Briefly, therefore, the present invention is directed to a process for growing a single crystal silicon ingot in which the ingot comprises a central axis, a seed-cone, an end-cone and a constant diameter portion between the seed-cone and the end-cone having a circumferential edge and a radius extending from the central axis to the circumferential edge. In the process, the ingot is grown from a silicon melt and then cooled from the solidification temperature in accordance with the Czochralski method. In particular, the process comprises controlling (i) a growth velocity, v, (ii) an average axial temperature gradient, G0, during the growth of the constant diameter portion of the crystal over the temperature range from solidification to a temperature of no less than about 1325° C., and (iii) the cooling rate of the crystal from the solidification temperature to about 1,050° C. to cause the formation of an axially symmetrical segment which is substantially free of agglomerated intrinsic point defects wherein the axially symmetric region extends inwardly from the circumferential edge of the ingot, has a width as measured from the circumferential edge radially toward the central axis of the ingot which is at least about three-tenths the length of the radius of ingot, and has a length as measured along the central axis of at least about two-tenths the length of the constant diameter portion of the ingot.

Other objects and features of this invention will be in part apparent and in part pointed out hereinafter.

BRIEF DESCRIPTION OF THE DRAWINGS

FIG. 1 is a graph which shows an example of how the initial concentration of self-interstitials, [I], and vacancies, [V], changes with an increase in the value of the ratio v/G0, where v is the growth rate and G0 is the average axial temperature gradient.

FIG. 2 is a graph which shows an example of how ΔGI, the change in free energy required for the formation of agglomerated interstitial defects, increases as the temperature, T, decreases, for a given initial concentration of self-interstitials, [I].

FIG. 3 is a graph which shows an example of how ΔGI, the change in free energy required for the formation of agglomerated interstitial defects, decreases (as the temperature, T, decreases) as a result of the suppression of the concentration of self-interstitials, [I], through the means of radial diffusion. The solid line depicts the case for no radial diffusion whereas the dotted line includes the effect of diffusion.

FIG. 4 is a graph which shows an example of how ΔGI, the change in free energy required for the formation of agglomerated interstitial defects, is sufficiently decreased (as the temperature, T, decreases), as a result of the suppression of the concentration of self-interstitials, [I], through the means of radial diffusion, such that an agglomeration reaction is prevented. The solid line depicts the case for no radial diffusion whereas the dotted line includes the effect of diffusion.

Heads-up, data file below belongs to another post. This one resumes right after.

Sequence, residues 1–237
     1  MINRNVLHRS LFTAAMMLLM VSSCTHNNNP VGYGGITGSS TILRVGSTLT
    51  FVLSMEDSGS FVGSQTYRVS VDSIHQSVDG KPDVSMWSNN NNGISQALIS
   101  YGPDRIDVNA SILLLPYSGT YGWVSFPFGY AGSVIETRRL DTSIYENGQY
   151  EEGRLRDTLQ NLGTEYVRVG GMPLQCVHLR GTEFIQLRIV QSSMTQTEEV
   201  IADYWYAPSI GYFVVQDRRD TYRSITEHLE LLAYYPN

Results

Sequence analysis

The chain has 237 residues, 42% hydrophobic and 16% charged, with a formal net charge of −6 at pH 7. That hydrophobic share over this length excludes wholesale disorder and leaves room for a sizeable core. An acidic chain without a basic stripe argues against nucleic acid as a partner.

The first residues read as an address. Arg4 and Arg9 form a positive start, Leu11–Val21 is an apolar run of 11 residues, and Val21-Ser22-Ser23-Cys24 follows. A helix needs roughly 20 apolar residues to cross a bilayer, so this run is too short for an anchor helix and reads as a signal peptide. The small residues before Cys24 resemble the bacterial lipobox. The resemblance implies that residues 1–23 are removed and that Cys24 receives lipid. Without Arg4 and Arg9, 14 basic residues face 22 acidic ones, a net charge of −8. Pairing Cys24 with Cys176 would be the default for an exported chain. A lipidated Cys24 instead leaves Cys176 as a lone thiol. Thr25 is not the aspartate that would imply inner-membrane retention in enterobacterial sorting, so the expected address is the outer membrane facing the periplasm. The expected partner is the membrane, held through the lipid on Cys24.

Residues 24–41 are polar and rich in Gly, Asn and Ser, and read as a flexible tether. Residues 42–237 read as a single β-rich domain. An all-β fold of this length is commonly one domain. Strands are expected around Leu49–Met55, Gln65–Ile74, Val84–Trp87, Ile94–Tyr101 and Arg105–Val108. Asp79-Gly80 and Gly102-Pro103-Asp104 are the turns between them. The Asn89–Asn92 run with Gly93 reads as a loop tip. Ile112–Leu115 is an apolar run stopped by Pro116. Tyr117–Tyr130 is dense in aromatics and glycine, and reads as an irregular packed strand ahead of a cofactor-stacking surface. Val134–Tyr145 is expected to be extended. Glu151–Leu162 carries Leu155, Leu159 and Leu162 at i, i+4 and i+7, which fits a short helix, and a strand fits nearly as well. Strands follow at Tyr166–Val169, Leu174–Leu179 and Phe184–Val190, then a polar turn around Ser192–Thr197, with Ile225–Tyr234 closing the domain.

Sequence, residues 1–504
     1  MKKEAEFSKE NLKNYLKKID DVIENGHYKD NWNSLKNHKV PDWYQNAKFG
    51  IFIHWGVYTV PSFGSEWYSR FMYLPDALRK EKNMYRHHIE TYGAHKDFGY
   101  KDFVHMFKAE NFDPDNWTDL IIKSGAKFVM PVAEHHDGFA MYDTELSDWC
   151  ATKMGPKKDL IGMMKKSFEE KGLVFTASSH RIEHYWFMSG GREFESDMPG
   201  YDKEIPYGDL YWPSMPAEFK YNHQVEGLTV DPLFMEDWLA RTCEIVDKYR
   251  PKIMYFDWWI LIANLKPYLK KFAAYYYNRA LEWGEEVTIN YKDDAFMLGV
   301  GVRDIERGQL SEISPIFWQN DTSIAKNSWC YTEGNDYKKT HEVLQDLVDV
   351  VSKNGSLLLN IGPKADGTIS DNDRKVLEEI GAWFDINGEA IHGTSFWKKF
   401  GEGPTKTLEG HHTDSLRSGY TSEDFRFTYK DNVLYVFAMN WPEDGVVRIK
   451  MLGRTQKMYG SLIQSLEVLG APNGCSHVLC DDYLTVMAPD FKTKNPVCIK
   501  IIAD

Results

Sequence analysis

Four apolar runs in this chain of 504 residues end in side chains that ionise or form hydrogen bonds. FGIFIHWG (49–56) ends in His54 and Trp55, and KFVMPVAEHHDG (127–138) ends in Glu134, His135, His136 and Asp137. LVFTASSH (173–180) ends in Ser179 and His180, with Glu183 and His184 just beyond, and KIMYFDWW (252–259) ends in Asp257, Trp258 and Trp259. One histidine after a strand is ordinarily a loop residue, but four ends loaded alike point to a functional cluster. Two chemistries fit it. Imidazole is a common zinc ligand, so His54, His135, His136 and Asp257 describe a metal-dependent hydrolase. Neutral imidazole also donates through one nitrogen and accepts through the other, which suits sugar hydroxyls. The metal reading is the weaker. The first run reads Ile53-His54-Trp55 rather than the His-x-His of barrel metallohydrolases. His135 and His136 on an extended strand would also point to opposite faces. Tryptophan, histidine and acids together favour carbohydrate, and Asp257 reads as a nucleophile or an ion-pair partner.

FIG. 5 is a graph which shows an example of how the initial concentration of self-interstitials, [I], and vacancies, [V], can change along the radius of an ingot or wafer, as the valve of the ratio v/G0 decreases, due to an increase in the value of G0. Note that at the V/I boundary a transition occurs from vacancy dominated material to self-interstitial dominated material.

FIG. 6 is a top plan view of a single crystal silicon ingot or water showing regions of vacancy, V, and self-interstitial, I, dominated materials respectively, as well as the V/I boundary that exists between them.

FIG. 7a is a graph which shows an example of how the initial concentration of vacancies or self-interstitials changes as a function of radial position due to radial diffusion of self-interstitials. Also shown is how such diffusion causes the location of the V/I boundary to move closer to the center of the ingot (as a result of the recombination of vacancies and self-interstitials), as well as the concentration of self-interstitials, [I], to be suppressed.

FIG. 7b is a graph of ΔGI as a function of radial position which shows an example of how the suppression of self-interstitial concentration, [I], (as depicted in FIG. 7a) is sufficient to maintain ΔGI everywhere to a value which is less than the critical value at which the silicon self-interstitial reaction occurs.

FIG. 7c is a graph which shows another example of how the initial concentration of vacancies or self-interstitials changes as a function of radial position due to radial diffusion of self-interstitials. Note that, in comparison to FIG. 7a, such diffusion caused the location of the V/I boundary to be closer to the center of the ingot (as a result of the recombination of vacancies and self-interstitials), resulting in an increase in the concentration of interstitials in the region outside of the V/I boundary.

FIG. 7d is a graph of ΔGI as a function of radial position which shows an example of how the suppression of self-interstitial concentration, [I], (as depicted in FIG. 7c) is not sufficient to maintain ΔGI everywhere to a value which is less than the critical value at which the silicon self-interstitial reaction occurs.